Nicola Sturgeon admits 'almost certainly the case' rapist not truly transgender
Nicola Sturgeon has been unable to say whether a transgender sexual offender is a man or a woman as she was accused of “giving rapists an easy way out”.
But the First Minister suggested that it is “almost certainly the case” that a double rapist is not truly transgender.
The Scottish Government has come under pressure from opponents after it emerged a transgender double rapist was being held in a female prison, albeit in isolation.
Another report emerged of another transgender sexual offender bidding to be moved to a female jail.
Read more: Keith Brown urged to reveal SNP involvement over transgender prisoners
Isla Bryson was initially taken to Cornton Vale prison near Stirling – Scotland’s only all-female jail – after being convicted, before being moved to the male estate following public outcry.
Scottish Conservative leader Douglas Ross used First Minister’s Questions on Thursday to try and corner Ms Sturgeon on her belief in self-ID – the process by which a trans person does not require a medical diagnosis to identify as a gender different to that of their birth sex.
Ms Sturgeon said she does not know if Bryson is lying.
The First Minister was asked whether Bryson was a man or a woman, but claimed she “does not have enough information”.
Ms Sturgeon said: “I think that rapist should be considered a rapist. That’s what I think.
“That individual has been convicted of rapes and that therefore is the terminology. I’m not going to get into the individual circumstances of that particular individual’s claims to be a woman because I don’t have enough information about that.”
She added: “This individual claims to be a woman. What I said is that I don’t have information about whether those claims have validity or not.
"But I don’t think Douglas Ross and I are disagreeing here, because what I think is relevant in this case is not whether the individual is a man, or claims to be a woman or trans, what is relevant is the individual is a rapist.
"That is how the individual should be described, and it is that that should be the main consideration in deciding how the individual is dealt with.
“That is why, of course, the individual is in a male prison, not in a female prison. There are the issues that matter.”
Mr Ross pointed to the “current Scottish Government policy” which states “the view of the Scottish Government that trans women are women”.
He added: "It is the view of her justice secretary that a double rapist is a woman.
“I’m not sure what the First Minister’s view on that is, because she says there’s no disagreement between herself and I on this.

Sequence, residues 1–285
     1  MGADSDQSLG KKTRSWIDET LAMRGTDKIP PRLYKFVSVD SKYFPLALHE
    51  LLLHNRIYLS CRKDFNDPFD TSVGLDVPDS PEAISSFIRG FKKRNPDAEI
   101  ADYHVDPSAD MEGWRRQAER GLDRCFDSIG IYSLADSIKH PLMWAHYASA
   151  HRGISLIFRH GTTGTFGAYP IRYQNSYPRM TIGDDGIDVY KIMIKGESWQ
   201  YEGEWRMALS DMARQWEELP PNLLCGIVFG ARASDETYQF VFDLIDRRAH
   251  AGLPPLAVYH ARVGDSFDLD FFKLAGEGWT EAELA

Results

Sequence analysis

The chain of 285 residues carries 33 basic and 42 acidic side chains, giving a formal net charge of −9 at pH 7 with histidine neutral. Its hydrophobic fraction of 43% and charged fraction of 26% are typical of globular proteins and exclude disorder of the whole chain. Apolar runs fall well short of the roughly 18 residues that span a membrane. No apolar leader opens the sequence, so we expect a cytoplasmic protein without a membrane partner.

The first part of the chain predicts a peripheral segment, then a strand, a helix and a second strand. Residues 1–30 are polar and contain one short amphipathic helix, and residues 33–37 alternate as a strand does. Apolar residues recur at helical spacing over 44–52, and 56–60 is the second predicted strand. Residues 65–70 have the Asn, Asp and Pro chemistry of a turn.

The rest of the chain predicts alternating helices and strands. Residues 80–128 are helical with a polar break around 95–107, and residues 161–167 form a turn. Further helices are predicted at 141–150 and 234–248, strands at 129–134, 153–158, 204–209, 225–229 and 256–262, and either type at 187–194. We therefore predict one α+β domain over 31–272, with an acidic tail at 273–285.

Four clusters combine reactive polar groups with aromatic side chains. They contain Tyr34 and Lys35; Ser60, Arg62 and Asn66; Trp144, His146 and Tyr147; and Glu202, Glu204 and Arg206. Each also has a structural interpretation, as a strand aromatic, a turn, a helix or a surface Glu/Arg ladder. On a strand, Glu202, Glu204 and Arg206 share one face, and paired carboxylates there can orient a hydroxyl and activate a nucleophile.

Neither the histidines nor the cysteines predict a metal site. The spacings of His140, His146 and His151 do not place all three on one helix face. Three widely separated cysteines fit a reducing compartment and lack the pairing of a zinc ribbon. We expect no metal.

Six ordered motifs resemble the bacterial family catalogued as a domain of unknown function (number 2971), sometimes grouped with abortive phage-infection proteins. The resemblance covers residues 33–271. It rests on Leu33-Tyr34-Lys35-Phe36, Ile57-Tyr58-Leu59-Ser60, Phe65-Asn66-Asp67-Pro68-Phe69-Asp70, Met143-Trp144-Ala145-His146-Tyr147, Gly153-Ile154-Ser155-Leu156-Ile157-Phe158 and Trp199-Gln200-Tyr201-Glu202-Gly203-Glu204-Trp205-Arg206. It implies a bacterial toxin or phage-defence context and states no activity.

"There is a massive disagreement. I believe a double rapist, anyone who rapes a woman, is a man. They cannot be considered anything else.
"This all matters for very good reasons. It matters because what happens when violent criminals like Adam Graham get out of prison.”
Read more: Keith Brown was not aware trans rapist being held in female jail
Mr Ross read a statement from one of the victims of Bryson, formerly known as Adam Graham, which said: “I’m sure he’s faking it…You’ve got genuine cases where people are desperate to get a reassignment for the right reasons because they have been born into that body – not because they raped two people and decided that that is an easy way out”.
Mr Ross accused the First Minister of “giving rapists an easy way out”.
But Ms Sturgeon said the accusation “does a disservice to victims of crime”.
Responding, the First Minister said: “The quote that Douglas Ross narrated there, my feeling is that is almost certainly the case, which is why the key factor in this case is not the individual’s claim to be a woman.
“The key and only important factor in this is that the individual is convicted of rape – the individual is a rapist – and that is the factor that should be the deciding one about the decisions about how that prisoner is now treated.”
Read more: Nicola Sturgeon urged to clear up trans prisoners 'chaos'
Ms Sturgeon went on to say it is “really important” to “look seriously” at the issues thrown up by the Bryson case, adding: “But that in doing so, we bear in mind two things.
“Firstly, as I’ve said, that we do not further stigmatise trans people generally – I think that is important – but secondly that we don’t cause undue concern amongst the public.
“If there are issues to be addressed we address them, but we do that in a way that’s not just calm, but doesn’t misrepresent the situation, because that is in nobody’s interest.”